Rishi Sunak is “disappointed” in the decision of the European broadcasting union, Downing Street has said, after it was reported Ukrainian President Volodymyr Zelensky was blocked from addressing Eurovision. The Prime Minister’s official spokesman said: “The Prime Minister believes it would be fitting for President Zelensky to address the event and we’re disappointed by the decision from the European broadcasting union. “The values and freedoms that President Zelensky and the people of Ukraine are fighting for are not political, they’re fundamental, and Eurovision themselves recognised that last year when they rightly suspended Russia’s participation from the competition.” There are no plans to intervene and ask broadcasters to change their mind, Downing Street suggested.
Australia's place at Eurovision explained
Australia wowed audiences during the second semi final last night, with Voyager's 80s rock song Promise.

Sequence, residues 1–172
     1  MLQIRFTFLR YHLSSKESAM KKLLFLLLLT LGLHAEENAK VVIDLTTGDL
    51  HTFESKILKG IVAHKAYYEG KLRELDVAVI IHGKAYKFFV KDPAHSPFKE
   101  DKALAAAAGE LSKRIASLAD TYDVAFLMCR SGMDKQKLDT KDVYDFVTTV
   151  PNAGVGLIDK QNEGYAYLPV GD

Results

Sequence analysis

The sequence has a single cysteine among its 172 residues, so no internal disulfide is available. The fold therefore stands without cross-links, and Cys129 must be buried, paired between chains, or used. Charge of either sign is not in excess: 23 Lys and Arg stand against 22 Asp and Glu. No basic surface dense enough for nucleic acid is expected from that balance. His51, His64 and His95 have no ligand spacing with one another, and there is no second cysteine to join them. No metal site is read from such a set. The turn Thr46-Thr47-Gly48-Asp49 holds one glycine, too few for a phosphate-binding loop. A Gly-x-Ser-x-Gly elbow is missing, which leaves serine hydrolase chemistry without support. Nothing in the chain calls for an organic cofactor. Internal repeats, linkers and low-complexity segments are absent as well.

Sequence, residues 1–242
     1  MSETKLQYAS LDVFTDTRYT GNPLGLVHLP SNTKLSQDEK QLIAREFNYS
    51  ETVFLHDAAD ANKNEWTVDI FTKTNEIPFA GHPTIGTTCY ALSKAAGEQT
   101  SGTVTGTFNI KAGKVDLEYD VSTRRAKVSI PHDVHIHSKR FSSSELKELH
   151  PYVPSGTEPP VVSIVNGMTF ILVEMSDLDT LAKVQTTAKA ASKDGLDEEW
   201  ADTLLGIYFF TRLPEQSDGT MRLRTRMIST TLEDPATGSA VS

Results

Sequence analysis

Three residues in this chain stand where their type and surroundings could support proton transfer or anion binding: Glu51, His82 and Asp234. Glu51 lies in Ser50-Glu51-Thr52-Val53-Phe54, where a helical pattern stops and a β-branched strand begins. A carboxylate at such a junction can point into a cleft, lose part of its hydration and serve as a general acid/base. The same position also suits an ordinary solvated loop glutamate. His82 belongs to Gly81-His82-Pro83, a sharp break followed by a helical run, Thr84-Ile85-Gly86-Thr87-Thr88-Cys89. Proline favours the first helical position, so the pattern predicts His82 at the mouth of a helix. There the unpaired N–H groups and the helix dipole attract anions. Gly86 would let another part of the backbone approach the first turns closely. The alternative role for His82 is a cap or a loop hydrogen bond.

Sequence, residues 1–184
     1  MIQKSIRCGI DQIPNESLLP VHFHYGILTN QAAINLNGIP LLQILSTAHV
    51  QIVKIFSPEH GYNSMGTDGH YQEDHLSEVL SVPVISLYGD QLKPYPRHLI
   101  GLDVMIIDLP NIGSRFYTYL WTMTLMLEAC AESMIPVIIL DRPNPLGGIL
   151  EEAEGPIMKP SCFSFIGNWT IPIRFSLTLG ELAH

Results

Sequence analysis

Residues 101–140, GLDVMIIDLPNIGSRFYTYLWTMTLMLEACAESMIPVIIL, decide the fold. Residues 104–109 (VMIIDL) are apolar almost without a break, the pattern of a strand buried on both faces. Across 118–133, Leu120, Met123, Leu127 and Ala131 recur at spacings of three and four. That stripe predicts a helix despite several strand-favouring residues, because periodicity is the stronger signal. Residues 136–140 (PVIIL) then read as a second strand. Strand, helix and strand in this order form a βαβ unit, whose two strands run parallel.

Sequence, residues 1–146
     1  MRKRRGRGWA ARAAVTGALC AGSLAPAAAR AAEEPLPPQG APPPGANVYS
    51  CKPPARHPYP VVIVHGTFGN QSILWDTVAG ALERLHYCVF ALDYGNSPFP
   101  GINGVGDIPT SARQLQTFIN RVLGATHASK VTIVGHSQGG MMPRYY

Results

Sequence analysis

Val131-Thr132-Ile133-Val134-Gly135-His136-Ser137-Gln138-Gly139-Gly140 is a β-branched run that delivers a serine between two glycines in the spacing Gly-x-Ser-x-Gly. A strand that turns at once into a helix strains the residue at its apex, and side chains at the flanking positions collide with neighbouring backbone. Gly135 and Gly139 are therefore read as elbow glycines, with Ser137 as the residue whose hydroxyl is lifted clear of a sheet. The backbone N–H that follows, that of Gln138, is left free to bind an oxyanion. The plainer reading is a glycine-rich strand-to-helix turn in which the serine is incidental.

It's the eighth time the country has competed in the contest, with its seventh qualification now confirmed.
But the country's place at the traditionally European competition raises questions every year. You can read more about the reason Australia takes part in Eurovision here.
Police seize drone flown above Liverpool
Merseyside Police has seized a drone which was flown in a restricted area around the city centre in Liverpool.
The drone was allegedly piloted by a man in his 30s, who has now been spoken to by officers after being made aware of the item at around 10pm last night.
Restrictions have seen drones banned from being flown in the city centre area during the Eurovision festivites.
Chief Inspector Stephen Hardy said that the swift response from Merseyside officers demonstrated "excellent detection work", with the largest police operation in Liverpool in decade currently ongoing.
He added: “Please be mindful that airspace restrictions will remain in place until Sunday and if we suspect a drone is being flown in the restricted area then we will take action.